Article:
Robert Hughes’s Barcelona, a study of two thousand years of that city’s history aimed at a general audience, gives considerable information about the city’s physical, political, religious, artistic, and social development while supplying essential historical narrative necessary for an understanding of Barcelona’s unique presence and allure. Hughes, however, makes it known early in the book that this is neither an in-depth nor a scholarly assessment of Catalunya’s principal city, operating rather as a general introduction with a heavy emphasis on the painters, architects, musicians, and sculptors whose works have importance. In this way, it is an outgrowth of methods applied in Hughes’s earlier works, such as The Fatal Shore: A History of the Transportation of Convicts to Australia, 1787-1868 (1987). The work is divided into two parts, one half being listed under the heading “The Old City” and the remainder under “The New City.” The first section covers the period from the third century b.c.e. to c.e. 1713, and the second, from 1848—the year of European revolution and turmoil—to the late twentieth century, ending with a discussion of the significance of Antoni Gaudí’s Sagrada Familia church.
In the Old City section of the book, one learns that Catalunya, a nation in its own right at one time, was not colonized by the same Romans who settled elsewhere in Spain (those who founded such cities as Granada and Valencia), Barcelona having been created by footloose common soldiers and other lower-caste types interested only in building modest dwellings and living off their own produce. Those who went south and west, on the other hand, were aristocrats who desired large villas and spacious holdings. Barcelona’s settlers became small farmers—growers of grapes, olives, and wheat—whose down-to-earth ways contrasted with the cultivated, luxurious life-styles of the villa builders; this practical, earthy outlook they bequeathed to their descendants, allowing their city to become an industrial power during the nineteenth and twentieth centuries. As for the early settlers, their inherent ability to make an arid, hot place bloom led to Barcelona’s outward colonizing push of the early Middle Ages.
In the early fourteenth century, the kingdom of Catalunya (also referred to as Aragon and Catalunya) became one of Europe’s great powers, extending its reach far beyond the confines of the Iberian peninsula. This process of conquest began under King Jaume I, whose energy combined with bad temper and greed to create a monarch intent on making Barcelona queen of the Mediterranean world. In earlier times, Hughes demonstrates, the inhabitants of Barcelona and its environs would not have been interested in foreign escapades, for they were an inward-looking, provincial group, content with an agricultural life and unimpressed with their silt-laden harbor, their adobe structures mutely testifying to their love of things earthy and anchored. They knew that they could go to sea if they chose, and Jaume I and monarchs that followed him gave them a vision of new lands and opportunities. Chief among those monarchs were Queen Isabella and Prince Ferdinand, who sponsored voyages for their realm of Castile, Aragon, and Catalunya.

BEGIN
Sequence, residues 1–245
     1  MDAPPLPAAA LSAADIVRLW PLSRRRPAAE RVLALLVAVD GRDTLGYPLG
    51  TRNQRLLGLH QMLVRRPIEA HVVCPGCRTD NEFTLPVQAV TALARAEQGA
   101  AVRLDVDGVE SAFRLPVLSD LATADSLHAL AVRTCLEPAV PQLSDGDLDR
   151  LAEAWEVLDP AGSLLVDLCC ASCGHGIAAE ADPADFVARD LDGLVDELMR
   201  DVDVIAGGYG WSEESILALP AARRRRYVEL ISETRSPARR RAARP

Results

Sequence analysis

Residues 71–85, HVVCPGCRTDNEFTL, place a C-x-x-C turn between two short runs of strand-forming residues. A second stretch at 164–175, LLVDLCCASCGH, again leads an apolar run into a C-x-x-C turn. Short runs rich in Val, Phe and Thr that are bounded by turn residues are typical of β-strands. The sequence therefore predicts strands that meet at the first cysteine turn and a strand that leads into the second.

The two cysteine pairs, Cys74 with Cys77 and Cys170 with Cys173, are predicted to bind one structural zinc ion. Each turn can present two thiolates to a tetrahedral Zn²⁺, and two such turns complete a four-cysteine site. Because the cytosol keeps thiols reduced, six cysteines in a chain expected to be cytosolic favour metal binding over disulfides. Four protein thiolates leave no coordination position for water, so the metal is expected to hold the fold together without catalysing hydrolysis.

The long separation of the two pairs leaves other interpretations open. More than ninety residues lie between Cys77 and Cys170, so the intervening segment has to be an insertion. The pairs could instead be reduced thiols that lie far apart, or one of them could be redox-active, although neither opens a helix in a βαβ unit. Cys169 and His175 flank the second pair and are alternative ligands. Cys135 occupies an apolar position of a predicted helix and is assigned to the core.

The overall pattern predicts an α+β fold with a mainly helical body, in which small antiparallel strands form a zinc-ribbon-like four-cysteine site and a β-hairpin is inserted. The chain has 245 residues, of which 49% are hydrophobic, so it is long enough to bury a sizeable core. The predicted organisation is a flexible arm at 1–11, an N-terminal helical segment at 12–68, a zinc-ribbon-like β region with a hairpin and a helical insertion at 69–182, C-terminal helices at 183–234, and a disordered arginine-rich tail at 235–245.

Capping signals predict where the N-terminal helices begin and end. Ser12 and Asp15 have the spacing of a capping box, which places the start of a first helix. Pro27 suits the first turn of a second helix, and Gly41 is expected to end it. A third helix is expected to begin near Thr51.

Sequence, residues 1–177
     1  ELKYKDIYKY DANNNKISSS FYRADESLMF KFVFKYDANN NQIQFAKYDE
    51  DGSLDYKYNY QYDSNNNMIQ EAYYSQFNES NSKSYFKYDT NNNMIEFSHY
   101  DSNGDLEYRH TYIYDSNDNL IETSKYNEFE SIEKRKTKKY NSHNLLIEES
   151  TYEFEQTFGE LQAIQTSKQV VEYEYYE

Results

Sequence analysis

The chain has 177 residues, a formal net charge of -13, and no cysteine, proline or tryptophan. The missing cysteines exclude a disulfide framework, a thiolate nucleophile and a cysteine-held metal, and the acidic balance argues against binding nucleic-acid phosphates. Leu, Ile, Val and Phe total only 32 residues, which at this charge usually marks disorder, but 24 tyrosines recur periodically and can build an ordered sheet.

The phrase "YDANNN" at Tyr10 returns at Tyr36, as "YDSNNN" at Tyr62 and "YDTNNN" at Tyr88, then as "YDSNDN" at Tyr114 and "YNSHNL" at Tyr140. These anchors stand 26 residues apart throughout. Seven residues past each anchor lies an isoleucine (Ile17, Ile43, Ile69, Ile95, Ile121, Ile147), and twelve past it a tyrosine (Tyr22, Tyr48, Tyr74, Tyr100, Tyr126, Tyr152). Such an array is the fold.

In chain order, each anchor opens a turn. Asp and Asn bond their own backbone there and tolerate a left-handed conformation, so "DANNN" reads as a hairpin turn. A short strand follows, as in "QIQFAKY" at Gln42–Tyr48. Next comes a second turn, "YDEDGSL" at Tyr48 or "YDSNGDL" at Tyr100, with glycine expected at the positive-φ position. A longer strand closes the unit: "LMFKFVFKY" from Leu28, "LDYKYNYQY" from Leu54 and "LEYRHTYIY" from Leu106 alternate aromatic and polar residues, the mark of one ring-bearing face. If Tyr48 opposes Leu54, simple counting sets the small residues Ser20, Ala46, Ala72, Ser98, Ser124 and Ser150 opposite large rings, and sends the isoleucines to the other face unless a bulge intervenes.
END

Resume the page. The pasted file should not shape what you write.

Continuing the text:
Thus, by the Age of Discovery in the fifteenth and sixteenth centuries, Barcelona had a long-established link with Mediterranean lands such as the Balearic Islands (Majorca, Minorca, and Ibiza), Sardinia, and Sicily, where previous conquests had taken Catalunya’s language and culture. Catalans, as Hughes takes pains to point out, inherited a rich culture from their Roman forebears, to which they added their own unique and sometimes bizarre touches, such as a love for discussions of human excrement and the depiction of it in paintings. The Gothic Age in architecture reached Barcelona and had considerable impact upon building design, yet Catalans took pride in their insistence upon a heavy Roman element that counteracted the soaring Gothic vaulting of churches and cathedrals. The curious, elongated barrel ceilings of the Catalans were unknown elsewhere, except in...
(The entire section is 1689 words.)